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177 MPs back Robert Halfon’s campaign on energy bills

Calling your energy company

Robert Halfon MP tells us how he’s pushing energy companies to ensure non-Direct Debit customers pay a fair price for paying their bill. With support from 177 MPs across the parties, he’s demanding action.

I was outraged to hear from a constituent that his elderly mother had received a letter from the Co-op Energy Company stating that she was going to be charged £63 extra unless she switched to pay her gas and electric bills by direct debit.

It is understandable that there is an extra administrative cost to not paying bills by direct debit, but £63 is excessive. Shockingly, upon investigation, I found that the majority of energy companies across the UK impose these extra charges, or instead, discount bills substantially for those paying by direct debit. This is particularly the case for the Big Six.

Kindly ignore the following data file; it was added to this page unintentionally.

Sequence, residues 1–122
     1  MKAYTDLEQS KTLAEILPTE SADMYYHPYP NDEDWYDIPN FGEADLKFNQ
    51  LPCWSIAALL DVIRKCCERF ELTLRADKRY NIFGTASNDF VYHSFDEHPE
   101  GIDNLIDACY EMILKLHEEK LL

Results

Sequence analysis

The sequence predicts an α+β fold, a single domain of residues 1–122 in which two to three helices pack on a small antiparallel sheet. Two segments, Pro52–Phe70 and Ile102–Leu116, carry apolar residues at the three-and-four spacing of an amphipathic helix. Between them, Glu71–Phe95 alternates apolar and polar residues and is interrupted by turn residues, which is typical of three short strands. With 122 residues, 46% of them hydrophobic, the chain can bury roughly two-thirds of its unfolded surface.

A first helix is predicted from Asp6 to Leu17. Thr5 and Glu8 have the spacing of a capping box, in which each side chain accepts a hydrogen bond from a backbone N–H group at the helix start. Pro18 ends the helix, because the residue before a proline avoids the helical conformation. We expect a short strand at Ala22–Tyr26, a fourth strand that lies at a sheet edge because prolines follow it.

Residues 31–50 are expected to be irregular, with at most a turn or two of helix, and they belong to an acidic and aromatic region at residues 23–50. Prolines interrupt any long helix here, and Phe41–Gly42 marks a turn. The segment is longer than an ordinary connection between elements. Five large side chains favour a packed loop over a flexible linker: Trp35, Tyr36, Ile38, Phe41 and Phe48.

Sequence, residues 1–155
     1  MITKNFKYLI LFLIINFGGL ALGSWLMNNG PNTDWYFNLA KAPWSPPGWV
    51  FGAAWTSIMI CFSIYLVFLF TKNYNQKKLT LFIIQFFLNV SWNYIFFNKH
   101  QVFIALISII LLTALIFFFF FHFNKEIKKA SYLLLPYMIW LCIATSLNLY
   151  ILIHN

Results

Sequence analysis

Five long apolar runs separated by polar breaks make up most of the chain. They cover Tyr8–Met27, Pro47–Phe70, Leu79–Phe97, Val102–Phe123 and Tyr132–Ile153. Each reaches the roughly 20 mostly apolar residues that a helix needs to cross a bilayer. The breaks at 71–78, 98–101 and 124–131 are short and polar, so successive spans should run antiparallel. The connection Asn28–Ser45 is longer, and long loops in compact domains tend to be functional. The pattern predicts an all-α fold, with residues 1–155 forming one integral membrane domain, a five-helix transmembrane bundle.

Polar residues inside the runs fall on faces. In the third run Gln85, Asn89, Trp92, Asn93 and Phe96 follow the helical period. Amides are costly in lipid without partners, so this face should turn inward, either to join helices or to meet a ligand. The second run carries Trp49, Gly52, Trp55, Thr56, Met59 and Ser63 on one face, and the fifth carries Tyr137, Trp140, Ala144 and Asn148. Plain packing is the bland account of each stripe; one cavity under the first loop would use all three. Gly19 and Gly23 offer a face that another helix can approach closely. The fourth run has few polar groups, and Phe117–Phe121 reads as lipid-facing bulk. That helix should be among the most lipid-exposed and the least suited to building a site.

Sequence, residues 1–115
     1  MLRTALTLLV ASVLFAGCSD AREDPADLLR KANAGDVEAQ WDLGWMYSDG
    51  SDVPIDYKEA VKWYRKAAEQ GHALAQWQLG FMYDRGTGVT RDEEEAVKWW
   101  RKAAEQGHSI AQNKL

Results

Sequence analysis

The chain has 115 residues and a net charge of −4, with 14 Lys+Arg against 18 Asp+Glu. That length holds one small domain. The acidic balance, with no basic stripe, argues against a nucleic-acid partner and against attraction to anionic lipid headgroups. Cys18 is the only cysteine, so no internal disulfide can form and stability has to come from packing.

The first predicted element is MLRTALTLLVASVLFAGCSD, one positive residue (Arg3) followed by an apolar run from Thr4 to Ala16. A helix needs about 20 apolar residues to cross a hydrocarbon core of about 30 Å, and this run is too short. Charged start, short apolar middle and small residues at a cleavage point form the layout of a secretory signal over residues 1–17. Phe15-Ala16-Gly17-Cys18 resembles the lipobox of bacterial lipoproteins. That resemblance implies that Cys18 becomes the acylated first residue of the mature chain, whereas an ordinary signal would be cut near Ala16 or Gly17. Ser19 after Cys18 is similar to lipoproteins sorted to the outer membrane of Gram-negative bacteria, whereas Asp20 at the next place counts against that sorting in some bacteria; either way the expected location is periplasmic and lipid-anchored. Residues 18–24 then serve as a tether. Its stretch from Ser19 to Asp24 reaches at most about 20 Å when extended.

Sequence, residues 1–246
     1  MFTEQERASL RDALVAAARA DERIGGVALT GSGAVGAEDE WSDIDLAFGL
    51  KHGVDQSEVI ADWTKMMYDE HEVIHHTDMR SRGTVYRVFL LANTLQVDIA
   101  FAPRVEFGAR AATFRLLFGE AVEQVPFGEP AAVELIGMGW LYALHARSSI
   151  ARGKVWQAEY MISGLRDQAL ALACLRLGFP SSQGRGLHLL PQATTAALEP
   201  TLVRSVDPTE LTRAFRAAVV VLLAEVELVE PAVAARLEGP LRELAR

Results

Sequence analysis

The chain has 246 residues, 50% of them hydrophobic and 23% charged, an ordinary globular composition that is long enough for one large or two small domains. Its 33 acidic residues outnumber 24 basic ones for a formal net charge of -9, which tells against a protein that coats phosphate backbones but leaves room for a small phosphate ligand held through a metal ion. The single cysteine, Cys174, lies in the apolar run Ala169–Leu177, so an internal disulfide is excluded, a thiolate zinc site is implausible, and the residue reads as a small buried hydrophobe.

Penalised for paying by cheque or cash

Out of 32 energy companies surveyed, 17 energy companies charged more to customers who were not paying by Direct Debit. And figures from the Department of Energy and Climate Change show that the average annual surcharges were £114 in total – £41 for electricity and £73 for gas.

This is unfair, and hurts the low paid and vulnerable the most.

Some smaller companies charge their customers exactly the same regardless of how their customers pay their bills. These include Ecotricity, Good Energy, Green Energy UK, and LoCO2, and many water companies charge nothing or less than £5 for using other payment methods.

All companies should attempt to follow this example, as it shows that it is even more unreasonable for some of these companies to charge such exorbitant amounts.